Indio San @ Envisioning
Where does 'photonics' comes from? The prefix ‘photon’, which describes the particles of light, was coined in 1926 by American physical chemist Gilbert N. Lewis. As with electronics, the 'art' of harnessing electrons, photonics is the 'art' of harnessing photons. Today it includes a series of scientific and technological applications, most of them in informatics and communication, but also in power generation, medical diagnosis, laser-based manufacturing, and of course, light emitting diode (LED) illumination and displays.
Fiber optics is one of the most successful mediums for telecommunication and computer networking, and looking at its incredible pervasiveness in those submarine cable maps should not surprise anyone. But the difference between optics and photonics has been a constant bone of contention among scholars. Optics, as stated in most treatises, is the science of vision whereas photonics is the science of light or, more precisely, photonics is a sub-discipline of optics. It would be out of place to weigh all these academic issues here. We would rather stick to seventeenth century tradition according to which optics cover the entire doctrine of sight and light, because it assumes a convergence.
From Cloak of Invisibility to Optical Traps
A case that was widely reported by the media a few years ago was that of the invisible cloak, a recurring theme in fairy tales and science fiction. If you break down the story, you will discover the world of photonic metamaterial, or manufactured stuff that can bend light in precisely curved paths, exciting an optical phenomena called negative refraction. But it was no more than a curiosity, attracting only LARP players.
Something like optical traps, by the other hand, have its uses. These scientific instruments 'tame' the momentum carried by a laser beam to manipulate microscopic objects (as proteins and RNAs), moving and holding them as 'tweezers', for which reason they are also called optical tweezers. Invisible cloak technology comes in handy, because researchers can now combine traps with 3D negative refraction flat lenses (fondly known as 'perfect lens'), ensuring a better focus.
Measuring up through laser-based sensors is an applicable field of photonics and much has been done in the agricultural sector. Agri-Photonics, a field of precision farming and environmental management, is growing stronger inside European farmers circle. One of its most relevant tools, chiefly used to characterize leaf inclination distribution, is LiDAR (Light Detection and Ranging), an optical remote sensing method that, through pulsed laser beams, measures properties of reflected light in order to obtain information about scanned targets. It works similarly to radar technology, but instead of emitting radio waves, it reads the time difference between the emission and the detection of a laser beam. That is a somewhat backwoods kind of enlightenment...
What Lies Ahead
As the name says, its main goal is the sustainable use of light, conserving energy and reducing emissions. Thus other photonics methods have been devised, heeding on how to reduce the cost of optical-to-electrical-to-optical conversions as environmentally safe as possible. Let us say that, in the field of integrated circuits, the victory of silicon, today its predominant component, is not completely assured. If there is an opening for a possible substitute, the photonic integrated circuits (PICs) should be a serious match, and there is nothing to prevent factors like sustainability to become a key driving force for their development.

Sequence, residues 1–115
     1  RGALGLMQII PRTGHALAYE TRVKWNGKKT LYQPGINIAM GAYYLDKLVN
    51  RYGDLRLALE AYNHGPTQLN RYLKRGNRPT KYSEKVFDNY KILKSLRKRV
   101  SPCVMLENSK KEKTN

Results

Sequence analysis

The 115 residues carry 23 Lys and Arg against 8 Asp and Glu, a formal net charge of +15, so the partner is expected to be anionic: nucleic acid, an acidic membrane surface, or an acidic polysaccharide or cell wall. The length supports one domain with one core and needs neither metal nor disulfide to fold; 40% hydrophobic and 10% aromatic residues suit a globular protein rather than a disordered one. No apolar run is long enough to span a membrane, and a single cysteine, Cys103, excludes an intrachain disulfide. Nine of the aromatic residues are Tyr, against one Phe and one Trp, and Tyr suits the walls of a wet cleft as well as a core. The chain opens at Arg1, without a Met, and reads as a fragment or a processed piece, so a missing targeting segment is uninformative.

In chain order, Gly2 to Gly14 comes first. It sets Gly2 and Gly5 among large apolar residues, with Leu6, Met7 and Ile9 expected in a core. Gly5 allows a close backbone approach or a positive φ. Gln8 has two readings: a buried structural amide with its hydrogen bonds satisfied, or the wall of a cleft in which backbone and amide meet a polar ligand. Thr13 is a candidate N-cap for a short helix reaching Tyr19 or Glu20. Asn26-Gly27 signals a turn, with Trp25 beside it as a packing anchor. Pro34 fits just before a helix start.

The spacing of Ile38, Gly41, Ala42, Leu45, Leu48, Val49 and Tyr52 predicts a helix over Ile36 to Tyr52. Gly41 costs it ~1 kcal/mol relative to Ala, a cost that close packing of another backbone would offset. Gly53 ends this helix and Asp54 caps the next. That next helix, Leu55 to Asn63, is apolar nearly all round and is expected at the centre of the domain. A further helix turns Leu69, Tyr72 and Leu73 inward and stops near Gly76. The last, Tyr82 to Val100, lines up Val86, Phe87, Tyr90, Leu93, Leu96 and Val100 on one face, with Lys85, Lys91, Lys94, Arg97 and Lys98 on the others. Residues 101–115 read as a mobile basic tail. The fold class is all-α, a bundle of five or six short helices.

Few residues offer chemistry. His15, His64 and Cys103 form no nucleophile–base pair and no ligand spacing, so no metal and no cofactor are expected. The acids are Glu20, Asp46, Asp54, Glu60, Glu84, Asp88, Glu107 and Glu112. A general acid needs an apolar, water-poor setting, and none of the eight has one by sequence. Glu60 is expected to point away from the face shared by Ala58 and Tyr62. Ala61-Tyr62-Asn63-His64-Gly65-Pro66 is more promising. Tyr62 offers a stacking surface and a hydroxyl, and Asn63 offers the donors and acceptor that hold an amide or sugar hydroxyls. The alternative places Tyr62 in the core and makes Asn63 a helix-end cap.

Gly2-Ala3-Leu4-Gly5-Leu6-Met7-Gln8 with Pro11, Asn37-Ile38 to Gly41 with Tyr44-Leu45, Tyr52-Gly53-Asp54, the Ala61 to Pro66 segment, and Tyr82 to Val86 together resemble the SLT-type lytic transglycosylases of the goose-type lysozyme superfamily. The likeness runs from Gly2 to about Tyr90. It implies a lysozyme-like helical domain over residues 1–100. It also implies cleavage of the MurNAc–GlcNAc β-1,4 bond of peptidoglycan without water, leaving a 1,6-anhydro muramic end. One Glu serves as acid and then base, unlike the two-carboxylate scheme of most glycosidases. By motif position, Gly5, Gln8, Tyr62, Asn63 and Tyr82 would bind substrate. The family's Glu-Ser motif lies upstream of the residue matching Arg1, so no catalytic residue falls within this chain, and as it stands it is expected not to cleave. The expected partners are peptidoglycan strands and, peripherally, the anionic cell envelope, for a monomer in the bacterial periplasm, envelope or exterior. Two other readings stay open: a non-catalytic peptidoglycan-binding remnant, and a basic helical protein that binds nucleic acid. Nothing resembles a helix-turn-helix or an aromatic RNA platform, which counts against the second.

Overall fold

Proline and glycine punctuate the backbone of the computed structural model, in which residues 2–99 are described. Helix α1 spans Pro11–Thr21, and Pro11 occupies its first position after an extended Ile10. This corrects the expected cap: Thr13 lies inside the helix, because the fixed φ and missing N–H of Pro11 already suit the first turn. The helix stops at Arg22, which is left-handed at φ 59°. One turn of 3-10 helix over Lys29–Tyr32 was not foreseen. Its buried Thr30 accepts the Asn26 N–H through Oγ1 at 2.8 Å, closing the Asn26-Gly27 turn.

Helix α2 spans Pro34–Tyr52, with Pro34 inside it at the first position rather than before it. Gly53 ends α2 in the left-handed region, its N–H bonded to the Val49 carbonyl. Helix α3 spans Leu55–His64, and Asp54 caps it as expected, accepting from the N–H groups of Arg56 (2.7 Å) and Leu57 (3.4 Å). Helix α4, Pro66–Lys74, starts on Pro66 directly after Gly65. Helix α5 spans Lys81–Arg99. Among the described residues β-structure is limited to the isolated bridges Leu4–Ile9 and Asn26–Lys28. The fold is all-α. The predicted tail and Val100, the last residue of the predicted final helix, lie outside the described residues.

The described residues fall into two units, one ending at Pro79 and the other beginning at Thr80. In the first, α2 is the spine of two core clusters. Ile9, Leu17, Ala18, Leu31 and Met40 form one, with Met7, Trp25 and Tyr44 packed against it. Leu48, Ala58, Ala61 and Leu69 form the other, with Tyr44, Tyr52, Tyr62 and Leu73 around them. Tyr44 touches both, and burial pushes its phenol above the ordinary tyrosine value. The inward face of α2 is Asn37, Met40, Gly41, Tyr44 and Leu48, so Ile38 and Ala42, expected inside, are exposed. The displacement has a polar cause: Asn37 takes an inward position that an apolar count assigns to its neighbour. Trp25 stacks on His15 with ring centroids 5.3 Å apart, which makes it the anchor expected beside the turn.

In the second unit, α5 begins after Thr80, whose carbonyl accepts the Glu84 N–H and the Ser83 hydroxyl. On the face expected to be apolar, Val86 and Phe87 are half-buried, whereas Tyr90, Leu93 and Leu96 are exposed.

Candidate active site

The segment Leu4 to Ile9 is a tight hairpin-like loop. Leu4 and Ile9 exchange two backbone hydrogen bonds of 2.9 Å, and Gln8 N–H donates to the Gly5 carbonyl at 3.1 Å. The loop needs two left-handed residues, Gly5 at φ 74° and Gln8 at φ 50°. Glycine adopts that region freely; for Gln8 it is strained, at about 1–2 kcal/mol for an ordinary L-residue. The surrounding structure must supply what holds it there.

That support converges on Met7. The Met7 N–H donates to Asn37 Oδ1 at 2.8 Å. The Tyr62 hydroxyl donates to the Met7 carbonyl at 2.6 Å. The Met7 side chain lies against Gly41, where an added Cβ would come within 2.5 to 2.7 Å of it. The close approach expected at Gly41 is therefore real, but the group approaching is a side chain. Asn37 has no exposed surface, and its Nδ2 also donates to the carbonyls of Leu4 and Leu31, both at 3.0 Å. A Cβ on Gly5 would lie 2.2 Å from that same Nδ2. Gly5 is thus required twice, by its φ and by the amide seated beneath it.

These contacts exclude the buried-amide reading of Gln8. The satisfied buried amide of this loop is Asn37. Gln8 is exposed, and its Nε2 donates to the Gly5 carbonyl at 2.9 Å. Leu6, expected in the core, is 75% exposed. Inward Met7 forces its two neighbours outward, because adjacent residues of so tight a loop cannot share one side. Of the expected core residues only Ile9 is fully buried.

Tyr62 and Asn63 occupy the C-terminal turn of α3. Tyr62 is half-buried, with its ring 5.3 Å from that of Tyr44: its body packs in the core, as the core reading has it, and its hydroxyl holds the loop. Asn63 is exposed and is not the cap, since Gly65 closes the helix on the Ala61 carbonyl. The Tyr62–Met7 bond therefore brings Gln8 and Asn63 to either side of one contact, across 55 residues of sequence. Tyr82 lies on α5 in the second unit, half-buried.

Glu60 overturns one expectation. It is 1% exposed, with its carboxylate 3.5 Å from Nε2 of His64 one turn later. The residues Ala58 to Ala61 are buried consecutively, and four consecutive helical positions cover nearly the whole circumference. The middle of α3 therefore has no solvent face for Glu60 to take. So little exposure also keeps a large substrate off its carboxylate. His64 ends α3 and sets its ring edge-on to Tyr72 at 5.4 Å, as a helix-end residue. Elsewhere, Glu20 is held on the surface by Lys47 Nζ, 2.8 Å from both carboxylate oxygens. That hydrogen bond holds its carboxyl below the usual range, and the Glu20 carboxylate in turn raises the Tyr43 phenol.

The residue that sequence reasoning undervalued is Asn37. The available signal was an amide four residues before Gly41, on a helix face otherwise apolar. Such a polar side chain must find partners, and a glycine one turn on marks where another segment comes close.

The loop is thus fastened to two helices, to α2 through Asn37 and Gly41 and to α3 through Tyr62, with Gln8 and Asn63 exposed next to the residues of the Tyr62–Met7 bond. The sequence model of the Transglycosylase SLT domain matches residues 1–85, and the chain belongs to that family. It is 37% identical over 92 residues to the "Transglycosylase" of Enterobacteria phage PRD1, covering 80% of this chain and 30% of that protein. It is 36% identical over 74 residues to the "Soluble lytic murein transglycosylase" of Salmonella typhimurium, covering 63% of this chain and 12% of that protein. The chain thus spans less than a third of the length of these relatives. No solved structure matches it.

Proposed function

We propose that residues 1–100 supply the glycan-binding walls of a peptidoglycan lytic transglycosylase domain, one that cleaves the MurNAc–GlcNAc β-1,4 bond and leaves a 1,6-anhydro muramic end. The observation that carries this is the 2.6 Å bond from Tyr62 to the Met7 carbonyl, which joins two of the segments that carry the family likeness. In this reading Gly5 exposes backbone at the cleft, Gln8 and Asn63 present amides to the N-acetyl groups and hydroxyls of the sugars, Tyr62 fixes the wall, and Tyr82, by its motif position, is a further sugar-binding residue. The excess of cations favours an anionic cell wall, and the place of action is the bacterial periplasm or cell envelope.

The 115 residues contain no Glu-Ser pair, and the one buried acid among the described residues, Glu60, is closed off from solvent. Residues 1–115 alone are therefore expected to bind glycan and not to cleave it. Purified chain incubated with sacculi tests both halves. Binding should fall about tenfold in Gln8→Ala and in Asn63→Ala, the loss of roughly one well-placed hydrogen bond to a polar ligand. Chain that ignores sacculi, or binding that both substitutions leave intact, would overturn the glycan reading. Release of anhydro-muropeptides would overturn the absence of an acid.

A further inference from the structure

The electromagnetic spectrum, or the band of light visible to the human eye, spans from the deep-ultraviolet to the mid-infrared region and, if our school days serve us right, white light is the mixture of all the colors of the rainbow. Scientists and researchers need light sources with a wide range of colors for many applications. It is possible, for instance, to stop the evolution of tumors with fluorescent proteins, if the cancer cells are irradiated with lights of different colors. The problem is that, when filtering a specific band, there is loss of brightness. But when beaming a low-energy infrared laser pulse through a photonic crystal fibre (PCF) it can block, or let pass, certain wavelengths; a technique named spectral selectivity. These fibres can also produce intense white light and may be the source, in a near future, of white organic light-emitting materials and devices (WOLEDs).
An environmentally sustainable desalination method that uses nanophotonic solar membranes to distill and desalinate water. The desalination process occurs when solar panels convert a portion of captured sunlight into electricity. The remaining energy harnessed by the solar panels is used as thermal power to boil saltwater, which runs across a porous membrane embedded with nanophotonic carbon. The membrane heats up, drawing water vapor, which is later collected in a pooled form of purified water. Recent studies have shown that adding inexpensive plastic lenses to create hot spots on the panels greatly improves efficiency. This method can be done off-grid and it is energy cost-efficient while also being able to avoid fossil fuel dependency in households and communities.